Treatment Completed: Patient who has completed treatment but who does not meet the criteria to be classified as a
cure or failure.

Treatment Failure: Patient who is sputum smear-positive at 5 months or later during treatment (also a patient who
was initially smear-negative before starting treatment who becomes smear-positive after completing the initial phase
of therapy)

Died: Patient who dies for any reason during the course of treatment

Default: Patient whose treatment was interrupted for two consecutive months or more.

Transfer Out: Patient who has been transferred to another recording and reporting unit and for whom the treatment
outcome is not known.

In addition to understanding the DOTS strategy, PVOs planning a TB control project must
follow the four “golden rules” of TB control.




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1. Close collaboration with the NTP at all levels is essential. As described earlier, the NTP is
   the final authority on TB control for the country and no activity should be planned or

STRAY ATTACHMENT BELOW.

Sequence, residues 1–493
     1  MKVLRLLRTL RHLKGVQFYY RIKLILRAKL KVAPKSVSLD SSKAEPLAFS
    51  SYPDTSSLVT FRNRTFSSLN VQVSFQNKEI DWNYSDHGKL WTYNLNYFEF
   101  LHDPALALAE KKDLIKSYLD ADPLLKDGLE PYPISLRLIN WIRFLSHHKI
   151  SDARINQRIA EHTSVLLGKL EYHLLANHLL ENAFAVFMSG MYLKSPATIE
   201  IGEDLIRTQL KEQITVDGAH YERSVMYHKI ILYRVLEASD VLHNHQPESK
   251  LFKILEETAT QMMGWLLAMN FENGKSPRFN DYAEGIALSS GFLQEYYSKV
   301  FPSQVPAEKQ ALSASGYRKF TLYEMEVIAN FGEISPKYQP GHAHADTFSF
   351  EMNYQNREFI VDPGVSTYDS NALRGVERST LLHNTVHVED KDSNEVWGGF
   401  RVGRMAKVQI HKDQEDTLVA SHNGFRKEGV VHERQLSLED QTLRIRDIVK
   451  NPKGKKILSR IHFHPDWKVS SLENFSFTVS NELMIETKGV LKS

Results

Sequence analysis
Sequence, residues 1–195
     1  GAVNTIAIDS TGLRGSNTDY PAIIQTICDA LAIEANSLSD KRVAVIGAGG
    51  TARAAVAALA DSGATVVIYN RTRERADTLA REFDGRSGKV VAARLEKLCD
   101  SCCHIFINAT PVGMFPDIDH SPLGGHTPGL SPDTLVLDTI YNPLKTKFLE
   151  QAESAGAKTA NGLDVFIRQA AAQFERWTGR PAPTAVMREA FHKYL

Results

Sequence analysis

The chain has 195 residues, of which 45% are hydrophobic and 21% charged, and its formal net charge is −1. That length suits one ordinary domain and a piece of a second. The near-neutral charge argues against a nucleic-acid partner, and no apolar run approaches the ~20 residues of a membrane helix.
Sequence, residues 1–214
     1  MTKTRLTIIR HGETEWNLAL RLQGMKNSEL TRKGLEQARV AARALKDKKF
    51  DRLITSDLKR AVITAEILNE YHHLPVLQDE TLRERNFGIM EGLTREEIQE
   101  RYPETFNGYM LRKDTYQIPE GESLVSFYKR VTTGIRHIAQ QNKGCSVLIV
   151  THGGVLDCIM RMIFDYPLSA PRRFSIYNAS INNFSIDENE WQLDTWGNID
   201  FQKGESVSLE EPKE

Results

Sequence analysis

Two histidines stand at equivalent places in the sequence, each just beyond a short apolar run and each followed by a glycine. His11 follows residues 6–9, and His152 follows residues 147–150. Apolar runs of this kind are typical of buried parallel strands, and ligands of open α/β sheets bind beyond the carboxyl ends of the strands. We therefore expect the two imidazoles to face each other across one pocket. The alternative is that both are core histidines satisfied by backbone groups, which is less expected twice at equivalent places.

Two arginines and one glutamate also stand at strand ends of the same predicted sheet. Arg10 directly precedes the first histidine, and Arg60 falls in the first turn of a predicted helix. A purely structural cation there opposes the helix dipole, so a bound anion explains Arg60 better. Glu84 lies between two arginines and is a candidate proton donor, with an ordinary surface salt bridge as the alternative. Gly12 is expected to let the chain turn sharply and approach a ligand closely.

implemented without the approval and support of the NTP.

2. A supply of anti-TB medications sufficient to complete a patient’s therapy should be in
   stock for every patient started on treatment. Similarly, a patient who will not be able to
   complete therapy should not be started on therapy. Both these tenets of TB control are based
   on the knowledge and evidence that incomplete or partial treatment of TB is more dangerous
   than no treatment. The tuberculosis bacilli mutate frequently, and insufficient or interrupted
   therapy leads to the selective breeding of drug-resistant strains. DOT is used to prevent the
   emergence of drug resistance, by ensuring that patients take every dose of their therapy for
   the full duration of 6-8 months. Once a patient has acquired drug-resistant TB due to
   incorrect or incomplete therapy, they often require treatment with second-line anti-TB drugs
   that are more toxic, more expensive, less effective, and must be taken for a longer period of